Introduction

Martha Wood Belcher and her daughter Hilda Belcher were painters whose careers span the time from 1865 to 1945. This website is devoted to their legacy.

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Martha Wood at a studio in Pittsford ca. 1875. Photo property of the Belcher Family, all rights reserved.

 


Martha Wood Belcher (1844-1930)
After finishing studies at the Cooper Institute in 1867, Martha Wood took a position teaching art at the Ripley Female College in Poultney, Vt. She then moved to the Rutland/Pittsford area and opened a studio in collaboration with a friend. In 1873-75, she traveled in Europe and studied art in Dusseldorf and Munich, as well as hiking through Switzerland; she then returned to Vermont. Her studio was successful enough for her to build a house for her mother and sisters.

In 1880 Martha married Stephen Belcher, of Newark NJ. She continued to paint to the end of her life in 1930.

 

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Hilda Belcher with prize-winning paintings in 1926. Photo property of the Belcher family, all rights reserved.
 

 

Hilda Belcher (1881-1963)

Hilda Belcher studied art formally at the Chase School in New York, with Robert Henri, and with George Bellows. She studied art less formally with her mother, with whom she traveled and painted until her mother’s death in 1930.

In 1908 she won the Strathmore Prize for a watercolor (the only woman among 692 men in various categories); this prize was followed by many others, including three Hudnut prizes from the American Watercolor Society for the ‘most meritorious painting’ between 1915 and 1918.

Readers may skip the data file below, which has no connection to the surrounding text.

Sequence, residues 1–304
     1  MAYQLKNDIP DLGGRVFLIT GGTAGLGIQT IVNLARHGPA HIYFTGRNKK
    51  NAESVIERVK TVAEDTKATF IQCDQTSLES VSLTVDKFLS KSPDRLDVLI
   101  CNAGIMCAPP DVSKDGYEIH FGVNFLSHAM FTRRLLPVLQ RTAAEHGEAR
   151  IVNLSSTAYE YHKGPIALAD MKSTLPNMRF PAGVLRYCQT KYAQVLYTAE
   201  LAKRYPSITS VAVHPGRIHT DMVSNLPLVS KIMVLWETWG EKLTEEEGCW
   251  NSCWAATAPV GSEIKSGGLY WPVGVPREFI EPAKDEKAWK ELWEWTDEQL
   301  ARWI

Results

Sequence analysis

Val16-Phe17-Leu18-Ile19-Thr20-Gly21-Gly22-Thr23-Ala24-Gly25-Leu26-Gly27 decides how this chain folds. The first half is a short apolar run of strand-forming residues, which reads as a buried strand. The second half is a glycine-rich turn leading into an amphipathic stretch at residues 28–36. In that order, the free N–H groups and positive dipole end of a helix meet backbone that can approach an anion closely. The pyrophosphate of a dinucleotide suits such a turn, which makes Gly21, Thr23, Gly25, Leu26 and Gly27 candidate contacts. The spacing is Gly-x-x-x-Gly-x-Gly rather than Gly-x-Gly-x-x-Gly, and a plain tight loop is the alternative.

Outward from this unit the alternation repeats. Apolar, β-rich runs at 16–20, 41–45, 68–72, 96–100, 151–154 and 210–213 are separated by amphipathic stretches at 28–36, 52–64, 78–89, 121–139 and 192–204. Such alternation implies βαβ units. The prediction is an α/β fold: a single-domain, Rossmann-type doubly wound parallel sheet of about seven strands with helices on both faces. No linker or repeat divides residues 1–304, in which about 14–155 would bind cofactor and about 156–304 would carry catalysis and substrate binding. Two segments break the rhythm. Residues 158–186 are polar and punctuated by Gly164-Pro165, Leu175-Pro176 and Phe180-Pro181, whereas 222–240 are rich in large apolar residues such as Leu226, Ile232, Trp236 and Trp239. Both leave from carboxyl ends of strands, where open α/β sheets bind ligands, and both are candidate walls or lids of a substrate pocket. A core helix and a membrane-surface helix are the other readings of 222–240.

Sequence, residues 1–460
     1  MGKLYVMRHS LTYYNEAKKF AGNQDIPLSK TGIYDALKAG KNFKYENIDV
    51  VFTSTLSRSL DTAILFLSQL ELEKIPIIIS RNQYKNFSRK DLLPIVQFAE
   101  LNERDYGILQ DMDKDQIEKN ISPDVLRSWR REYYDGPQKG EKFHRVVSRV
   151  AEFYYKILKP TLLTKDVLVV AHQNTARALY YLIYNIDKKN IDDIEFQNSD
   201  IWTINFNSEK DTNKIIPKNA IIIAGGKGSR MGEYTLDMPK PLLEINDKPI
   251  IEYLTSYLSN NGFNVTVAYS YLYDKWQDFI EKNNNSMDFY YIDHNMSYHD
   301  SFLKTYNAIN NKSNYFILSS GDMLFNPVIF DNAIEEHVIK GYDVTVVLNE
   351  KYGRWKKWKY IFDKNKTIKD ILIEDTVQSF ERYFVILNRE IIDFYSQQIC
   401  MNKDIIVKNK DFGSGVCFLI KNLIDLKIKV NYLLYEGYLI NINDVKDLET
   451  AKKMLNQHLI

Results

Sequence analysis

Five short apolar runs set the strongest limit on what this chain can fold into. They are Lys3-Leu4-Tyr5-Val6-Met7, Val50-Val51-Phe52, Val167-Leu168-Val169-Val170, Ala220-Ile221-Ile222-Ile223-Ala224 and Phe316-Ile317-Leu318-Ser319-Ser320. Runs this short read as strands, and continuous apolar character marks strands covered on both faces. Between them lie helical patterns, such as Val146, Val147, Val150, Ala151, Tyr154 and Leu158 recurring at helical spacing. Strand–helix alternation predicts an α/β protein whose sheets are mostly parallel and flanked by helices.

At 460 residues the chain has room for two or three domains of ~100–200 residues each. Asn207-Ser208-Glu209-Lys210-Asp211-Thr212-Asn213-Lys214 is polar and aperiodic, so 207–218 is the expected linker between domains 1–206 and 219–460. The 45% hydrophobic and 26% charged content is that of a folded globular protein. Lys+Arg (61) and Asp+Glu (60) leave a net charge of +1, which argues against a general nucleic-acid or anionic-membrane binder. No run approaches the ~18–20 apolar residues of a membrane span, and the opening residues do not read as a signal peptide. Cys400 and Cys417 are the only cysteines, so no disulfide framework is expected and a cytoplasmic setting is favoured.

She and her mother traveled to Europe in 1913-14. They maintained a studio in New York city, while also spending time in Vermont. Hilda developed connections in Savannah, GA, as part of her portrait business. She was one of the founding members of the Southern Vermont Artists’ group in 1929. In the 1930s, after her mother’s death, she produced a series of paintings centered on an African-American church in Savannah; ‘Go Down Moses’ is the centerpiece of that series. She also produced a series of paintings on banquet events in Vermont, whose centerpiece is ‘Chicken Pie Supper’. In the 1940s, after a trip to Mexico and a series of paintings based on that trip, she began to withdraw from the art world, in part because of ill health.